Presidential candidate Pete Buttigieg visits Austin for fundraiser

Texas Politics

AUSTIN (KXAN) — Presidential candidate Pete Buttigieg was in Austin Saturday for a fundraiser. 

The Democrat met with supporters at Buford’s Beer Garden on West Sixth Street and covered a variety of topics ranging from climate change to education during his event. 

The mayor of South Bend, Indiana is currently running in fifth place according to the latest polls released on Wednesday. He is one of nine Democratic candidates who have qualified for the third debate in Houston in September. 

In order to participate in that debate, candidates must have $130,000 donations from unique donors and have reached at least 2% in four different polls. 

Earlier this week, he released his proposals to combat gun violence and domestic terrorism. His ideas include dedicating $1 billion to prevent and combat radicalization and violent extremism, instituting universal background checks, banning assault weapons and high-capacity magazines and supporting red-flag laws.

He also wants to see federal funding for gun violence research. 

“America’s certainly not secure if our leaders are not willing to name and confront white nationalist violence that is killing more and more people in this country,” he said. “We’ve got to stand up to that because America is under attack. We’re not secure if we allow the Second Amendment to be twisted into a death sentence for tens and thousands of Americans. This is a national security issue.”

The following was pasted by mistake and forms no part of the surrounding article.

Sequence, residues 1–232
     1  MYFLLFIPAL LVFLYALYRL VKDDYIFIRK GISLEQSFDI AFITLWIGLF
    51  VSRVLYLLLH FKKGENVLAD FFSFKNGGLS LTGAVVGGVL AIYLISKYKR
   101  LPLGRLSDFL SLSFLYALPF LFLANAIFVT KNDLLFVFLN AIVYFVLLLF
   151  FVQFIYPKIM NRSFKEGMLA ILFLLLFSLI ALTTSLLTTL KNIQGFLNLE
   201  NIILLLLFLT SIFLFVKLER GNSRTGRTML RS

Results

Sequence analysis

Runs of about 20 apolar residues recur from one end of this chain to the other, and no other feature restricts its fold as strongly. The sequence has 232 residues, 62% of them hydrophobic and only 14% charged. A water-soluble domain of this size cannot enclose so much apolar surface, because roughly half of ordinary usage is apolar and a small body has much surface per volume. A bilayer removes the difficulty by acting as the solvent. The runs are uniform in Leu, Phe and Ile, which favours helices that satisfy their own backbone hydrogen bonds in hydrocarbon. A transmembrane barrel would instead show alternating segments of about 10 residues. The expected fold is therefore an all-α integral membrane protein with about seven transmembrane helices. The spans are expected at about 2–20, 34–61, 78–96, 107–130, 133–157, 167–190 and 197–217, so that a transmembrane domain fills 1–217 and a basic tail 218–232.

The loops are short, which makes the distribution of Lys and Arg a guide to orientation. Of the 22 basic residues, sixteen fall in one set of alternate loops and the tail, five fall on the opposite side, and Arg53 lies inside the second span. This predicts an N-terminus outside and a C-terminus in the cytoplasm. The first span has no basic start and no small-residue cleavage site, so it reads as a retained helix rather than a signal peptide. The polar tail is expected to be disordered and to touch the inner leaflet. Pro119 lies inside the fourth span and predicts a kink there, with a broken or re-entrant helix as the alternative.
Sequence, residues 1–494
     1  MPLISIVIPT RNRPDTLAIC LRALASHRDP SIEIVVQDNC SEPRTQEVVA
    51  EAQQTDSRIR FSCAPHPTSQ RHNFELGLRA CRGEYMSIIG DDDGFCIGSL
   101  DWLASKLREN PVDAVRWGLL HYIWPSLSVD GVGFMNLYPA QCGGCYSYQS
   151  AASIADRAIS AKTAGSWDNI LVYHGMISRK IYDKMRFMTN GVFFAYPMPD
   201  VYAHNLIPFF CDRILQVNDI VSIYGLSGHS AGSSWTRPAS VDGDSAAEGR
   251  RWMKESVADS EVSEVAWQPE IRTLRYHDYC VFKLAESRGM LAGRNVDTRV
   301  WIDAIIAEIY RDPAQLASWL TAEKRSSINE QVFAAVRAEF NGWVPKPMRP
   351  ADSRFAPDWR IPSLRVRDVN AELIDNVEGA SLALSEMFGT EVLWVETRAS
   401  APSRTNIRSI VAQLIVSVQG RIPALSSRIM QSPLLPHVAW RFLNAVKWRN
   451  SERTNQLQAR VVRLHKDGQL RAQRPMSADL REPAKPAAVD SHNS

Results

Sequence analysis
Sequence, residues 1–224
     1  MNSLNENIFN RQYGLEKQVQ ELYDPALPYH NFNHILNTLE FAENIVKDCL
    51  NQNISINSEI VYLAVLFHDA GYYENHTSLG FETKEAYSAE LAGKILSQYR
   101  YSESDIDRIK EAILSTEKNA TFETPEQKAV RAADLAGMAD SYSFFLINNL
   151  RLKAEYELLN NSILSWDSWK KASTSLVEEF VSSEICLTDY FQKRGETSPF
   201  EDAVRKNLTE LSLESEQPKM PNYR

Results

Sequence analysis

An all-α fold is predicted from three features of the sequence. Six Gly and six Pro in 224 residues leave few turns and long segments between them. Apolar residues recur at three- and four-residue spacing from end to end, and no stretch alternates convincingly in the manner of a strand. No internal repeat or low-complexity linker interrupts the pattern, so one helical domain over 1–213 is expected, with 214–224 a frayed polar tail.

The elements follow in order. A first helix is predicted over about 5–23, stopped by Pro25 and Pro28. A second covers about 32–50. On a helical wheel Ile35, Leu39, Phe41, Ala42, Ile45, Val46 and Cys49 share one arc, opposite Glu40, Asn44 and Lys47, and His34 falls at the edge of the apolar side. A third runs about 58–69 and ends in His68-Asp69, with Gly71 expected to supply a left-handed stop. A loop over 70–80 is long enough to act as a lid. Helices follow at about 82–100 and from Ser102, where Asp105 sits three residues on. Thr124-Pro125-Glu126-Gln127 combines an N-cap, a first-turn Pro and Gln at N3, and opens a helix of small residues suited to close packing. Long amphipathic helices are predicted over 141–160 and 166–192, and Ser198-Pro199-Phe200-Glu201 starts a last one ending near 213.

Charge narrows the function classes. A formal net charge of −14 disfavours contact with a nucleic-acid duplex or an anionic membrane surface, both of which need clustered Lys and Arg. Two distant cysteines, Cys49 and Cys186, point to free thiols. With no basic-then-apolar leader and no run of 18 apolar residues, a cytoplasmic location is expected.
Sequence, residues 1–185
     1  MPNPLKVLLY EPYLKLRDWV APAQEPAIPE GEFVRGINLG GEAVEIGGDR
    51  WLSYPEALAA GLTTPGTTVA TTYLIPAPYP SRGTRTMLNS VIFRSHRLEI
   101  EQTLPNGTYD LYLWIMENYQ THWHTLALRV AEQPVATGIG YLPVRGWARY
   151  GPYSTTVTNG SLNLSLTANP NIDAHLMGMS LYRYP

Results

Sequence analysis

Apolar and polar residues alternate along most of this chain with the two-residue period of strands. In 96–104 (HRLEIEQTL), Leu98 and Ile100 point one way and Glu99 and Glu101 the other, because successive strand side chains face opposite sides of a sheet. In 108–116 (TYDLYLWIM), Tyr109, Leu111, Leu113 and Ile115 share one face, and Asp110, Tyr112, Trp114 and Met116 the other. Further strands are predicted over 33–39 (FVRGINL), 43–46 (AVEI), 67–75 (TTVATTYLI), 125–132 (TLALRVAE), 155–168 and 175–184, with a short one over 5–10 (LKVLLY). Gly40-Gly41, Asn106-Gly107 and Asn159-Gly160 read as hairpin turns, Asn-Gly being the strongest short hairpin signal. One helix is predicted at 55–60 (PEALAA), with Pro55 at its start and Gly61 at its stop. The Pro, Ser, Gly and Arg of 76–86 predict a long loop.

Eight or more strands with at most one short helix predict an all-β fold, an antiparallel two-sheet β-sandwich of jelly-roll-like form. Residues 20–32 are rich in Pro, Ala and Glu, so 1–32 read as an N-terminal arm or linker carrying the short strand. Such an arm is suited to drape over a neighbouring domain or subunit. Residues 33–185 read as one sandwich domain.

Earlier in the day, Buttigieg joined more than a dozen Democratic presidential candidates at a gun safety forum in Iowa.

Beto O’Rourke sent in a taped speech since he’s still helping his community in El Paso following the mass shooting that took place a week ago. 

“As we mourn with this community and grieve the loss of life and are there with the survivors to make sure that they come back stronger and better than ever, we’re also here to make sure that we tell our story,” he said. “A story of a community that is one of, if not the safest cities in America.” 

O’Rourke is also calling for universal background checks, a ban on the sale of assault weapons and red-flag laws. 

Texan Julian Castro was also at the gun safety forum — and who also released his own gun safety plan earlier in the week — proposed steps that he thinks could be taken at a local, community level. 

“I would implement a 20 percent excise tax on ammunition and firearms – from 10% to 20% to fund community programs that combat gun violence in those local communities,” he said.

In Austin, Buttigieg said youth have found their voice politically and can help drive the conversations on issues of climate change, as well as gun violence. 

“What we see right now is young people taking the lead and their parents and their grandparents at their side cheering them on,” he said. “That is something that is changing the game. That is what the inter-generational alliance looks like.” 

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